Starting in Denver
Most thru-hikers and bikers begin their trips from The Colorado Trail’s northern terminus at Waterton Canyon, southwest of the Denver metro area. For most it’s not only a matter of convenience but also because the elevation gain heading south is much more gradual than it is for those heading northbound from Durango, where the CT ascends to more than 12,000 feet in the first 23 miles. By contrast, southbound travelers don’t hit a similar elevation until around mile 110, giving them more time to develop their “trail legs” and better acclimatize.
Waterton Canyon Trail & Parking
OPEN WEEKDAYS / NO OVERNIGHT PARKING / CLOSED WEEKENDS
. . . for weekend starts, scroll down for the Two Alternatives . . .
The Waterton Canyon trailhead, parking lot and first 6.7 miles of the Trail are on an unpaved road administered by Denver Water, which operates the Strontia Springs Reservoir and Dam, just off the Trail at mile 6.2. The road is open to foot, bike and horse traffic (and administrative vehicles), but dogs are not allowed to protect the canyon’s wildlife habitat. Deer and Rocky Mountain bighorn sheep are common sights in the canyon.
If you are planning to travel with a dog, see Dogs on the Trail for alternatives to passing through the canyon, including starting at Indian Creek Trailhead (see below). Fortunately for dog owners, this stretch is the only place on the CT where dogs are prohibited.
We highly recommend that multiday Trail users MUST arrange transportation to the trailhead (11300 Waterton Road, Littleton, CO 80125) with a family member, friend, taxi or other ride service. If that’s not possible, near the trailhead is a parking lot administered by Denver Water. OVERNIGHT PARKING IS NOT ALLOWED RIGHT NOW BECAUSE OF WEEKEND CLOSURES allowed, but not encouraged due to the lack of security. (While it has been years since we’ve heard of problems, break-ins have been reported.) If you do decide to leave a car overnight, Denver Water requires that you call (303) 634-3745 in advance and provide vehicle and owner information. The agency does not assume liability for vehicle damage or theft while parked in the lot.
A more secure alternative to parking at Waterton Canyon might be a nearby RV storage lot. There are several that can be found via web search. Some operators may provide transportation to the start of the Trail if arranged in advance.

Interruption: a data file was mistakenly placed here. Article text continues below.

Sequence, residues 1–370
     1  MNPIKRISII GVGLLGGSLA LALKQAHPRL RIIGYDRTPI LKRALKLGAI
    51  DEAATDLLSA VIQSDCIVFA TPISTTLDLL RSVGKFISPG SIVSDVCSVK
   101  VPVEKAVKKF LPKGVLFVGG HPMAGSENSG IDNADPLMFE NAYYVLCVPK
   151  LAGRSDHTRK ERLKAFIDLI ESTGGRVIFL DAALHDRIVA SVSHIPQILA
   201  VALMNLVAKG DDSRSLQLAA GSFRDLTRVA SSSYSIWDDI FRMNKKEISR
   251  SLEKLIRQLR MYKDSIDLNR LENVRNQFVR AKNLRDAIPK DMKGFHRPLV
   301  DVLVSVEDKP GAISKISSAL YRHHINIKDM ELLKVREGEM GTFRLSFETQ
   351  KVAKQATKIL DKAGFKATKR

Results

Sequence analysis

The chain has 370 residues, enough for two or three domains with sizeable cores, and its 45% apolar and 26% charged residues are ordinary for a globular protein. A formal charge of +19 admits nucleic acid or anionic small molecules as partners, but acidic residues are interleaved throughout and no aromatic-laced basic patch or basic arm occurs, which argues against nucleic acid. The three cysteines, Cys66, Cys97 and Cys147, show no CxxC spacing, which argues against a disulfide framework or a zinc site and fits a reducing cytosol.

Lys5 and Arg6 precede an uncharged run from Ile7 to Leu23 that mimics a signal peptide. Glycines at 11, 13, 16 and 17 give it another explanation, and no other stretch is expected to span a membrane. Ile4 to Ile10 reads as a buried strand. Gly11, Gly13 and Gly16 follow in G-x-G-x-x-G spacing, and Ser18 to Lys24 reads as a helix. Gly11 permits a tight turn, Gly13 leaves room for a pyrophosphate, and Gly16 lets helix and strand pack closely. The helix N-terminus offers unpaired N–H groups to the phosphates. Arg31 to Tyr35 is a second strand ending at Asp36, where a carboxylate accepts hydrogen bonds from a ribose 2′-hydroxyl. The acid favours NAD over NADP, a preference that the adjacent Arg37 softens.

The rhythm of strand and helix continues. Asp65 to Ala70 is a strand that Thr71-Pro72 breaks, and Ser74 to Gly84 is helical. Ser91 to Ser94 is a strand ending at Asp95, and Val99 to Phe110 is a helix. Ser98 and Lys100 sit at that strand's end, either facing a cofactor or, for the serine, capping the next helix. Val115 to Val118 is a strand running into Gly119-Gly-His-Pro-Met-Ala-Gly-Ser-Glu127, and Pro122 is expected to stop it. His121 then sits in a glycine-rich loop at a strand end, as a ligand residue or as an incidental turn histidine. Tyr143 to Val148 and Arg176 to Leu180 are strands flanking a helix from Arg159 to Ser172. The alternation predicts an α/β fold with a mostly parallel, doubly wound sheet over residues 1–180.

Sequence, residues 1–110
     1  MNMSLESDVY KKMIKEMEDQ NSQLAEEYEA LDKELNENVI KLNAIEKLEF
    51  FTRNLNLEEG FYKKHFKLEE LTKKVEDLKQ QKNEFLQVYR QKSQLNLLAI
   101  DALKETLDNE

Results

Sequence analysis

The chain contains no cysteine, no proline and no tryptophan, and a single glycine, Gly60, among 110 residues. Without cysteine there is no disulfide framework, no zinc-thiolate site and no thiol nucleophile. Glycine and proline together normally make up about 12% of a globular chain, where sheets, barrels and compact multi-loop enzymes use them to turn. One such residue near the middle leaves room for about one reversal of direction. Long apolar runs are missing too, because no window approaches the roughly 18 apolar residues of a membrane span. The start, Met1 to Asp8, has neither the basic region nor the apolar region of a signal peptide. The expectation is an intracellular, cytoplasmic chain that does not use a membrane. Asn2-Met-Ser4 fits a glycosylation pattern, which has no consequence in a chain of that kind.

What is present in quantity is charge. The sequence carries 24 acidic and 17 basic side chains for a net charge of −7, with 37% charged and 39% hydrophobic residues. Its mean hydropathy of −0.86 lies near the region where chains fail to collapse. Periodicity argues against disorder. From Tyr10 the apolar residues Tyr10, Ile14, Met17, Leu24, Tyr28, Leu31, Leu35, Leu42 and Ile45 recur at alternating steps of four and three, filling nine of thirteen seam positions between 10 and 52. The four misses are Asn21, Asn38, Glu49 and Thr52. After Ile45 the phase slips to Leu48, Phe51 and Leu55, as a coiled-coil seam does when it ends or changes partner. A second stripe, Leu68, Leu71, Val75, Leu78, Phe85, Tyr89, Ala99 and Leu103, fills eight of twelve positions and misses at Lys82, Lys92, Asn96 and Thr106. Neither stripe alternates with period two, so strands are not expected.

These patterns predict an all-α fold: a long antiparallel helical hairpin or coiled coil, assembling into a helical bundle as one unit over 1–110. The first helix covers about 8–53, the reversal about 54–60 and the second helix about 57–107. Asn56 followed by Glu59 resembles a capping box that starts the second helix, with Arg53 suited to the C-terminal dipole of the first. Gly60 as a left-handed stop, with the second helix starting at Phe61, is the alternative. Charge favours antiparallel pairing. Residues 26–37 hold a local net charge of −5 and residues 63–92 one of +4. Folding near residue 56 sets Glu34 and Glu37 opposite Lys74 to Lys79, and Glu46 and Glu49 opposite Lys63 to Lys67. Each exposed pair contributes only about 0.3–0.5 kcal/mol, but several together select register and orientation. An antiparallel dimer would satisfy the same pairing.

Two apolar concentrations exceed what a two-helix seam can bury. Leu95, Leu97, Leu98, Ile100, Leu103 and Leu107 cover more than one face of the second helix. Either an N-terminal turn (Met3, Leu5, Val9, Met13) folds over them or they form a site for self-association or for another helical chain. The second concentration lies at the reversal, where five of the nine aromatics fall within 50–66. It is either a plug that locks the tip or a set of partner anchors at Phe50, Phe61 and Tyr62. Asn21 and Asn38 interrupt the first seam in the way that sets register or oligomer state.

If you are arriving from out of town by plane, bus or train, the first big challenge you may face is just getting to the trailhead. From Denver International Airport it is about 50 miles; from downtown Denver about 35-40 miles. Again, if possible, arrange a ride in advance.
If that’s not an option, taking a cab or airport shuttle, or ride service such as Uber or Lyft, are the easiest, but can be pricey. Public transportation is cheaper, but because no bus or light-rail routes go to the trailhead, it requires a combination of public and private options to get there.
The Regional Transportation District (RTD) has a “Trip Planner” feature on its website, rtd-denver.com, that can help you get to within a few miles the Trail. The closest light-rail stop to the trailhead is Mineral Station in Littleton, about 10 miles distant. From there you can bike, hike or take a cab or ride service to Waterton Canyon.
Finally, The Colorado Trail Foundation maintains a contact list of shuttle drivers – both individuals and businesses – in the Denver metro area and in towns all along the Trail, who have offered to help travelers get to and from trailheads along the CT. To obtain the CT Shuttlers List, e-mail us at email@example.com and request it. As time allows during our Monday-Friday work days, we’ll reply to you and attach the list. Those needing a shuttle should make arrangements well in advance.
Two really nice alternate starting points are available for the times Waterton is closed and to those who prefer to begin their journey on single-track trail rather than Waterton Canyon’s unpaved road. The CT Foundation considers either of these as legitimate toward the Completion Certificate.
- Indian Creek Trailhead. People like this alternative and consider it very pleasant. It is straightforward and the 2-page printable map (linked above) covers it fairly well. It might be the only map needed. The western leg of the Indian Creek Loop Trail (Trail No. 800) is accessible via Colorado Highway 67 west of Sedalia. From the trailhead you travel 4.4 miles on single-track, which is open to dogs, and connect to the CT at mile 7.9 (Lenny’s Rest) in the middle of Segment 1. Given this approach, your Segment 1 will total 13.3 miles in all. Here is the link to the Indian Creek Trailhead website.
- Roxborough State Park. This alternative is quite scenic but is the more challenging. It greets travelers to additional miles, elevation, and more potentially confusing intersections that necessitate additional map(s). Further, this alternative doesn’t work for everyone because there is an entrance fee to Roxborough State Park and dogs, horses, bicycles, camping and overnight parking are prohibited. Trails originating in the park include a connection to the CT at Lenny’s Rest and one to the Indian Creek Trailhead on the eastern leg of the Indian Creek Loop Trail. The more direct route begins on the Carpenter Peak Trail about 0.6 miles from the visitors center. The distance to the top of Carpenter Peak is about 2.5 miles, all uphill. Right before the summit, there is a turnoff with a sign reading “Colorado Trail and Waterton Canyon.” The distance from the sign to the CT at Lenny’s Rest is about 5 miles but is not signed particularly well. The total mileage for this alternative including Segment 1 is around 16-1/2. Here is the link to the Roxborough State Park website including trails map, etc.
Gallery of CT Travelers Starting at Waterton Canyon in Denver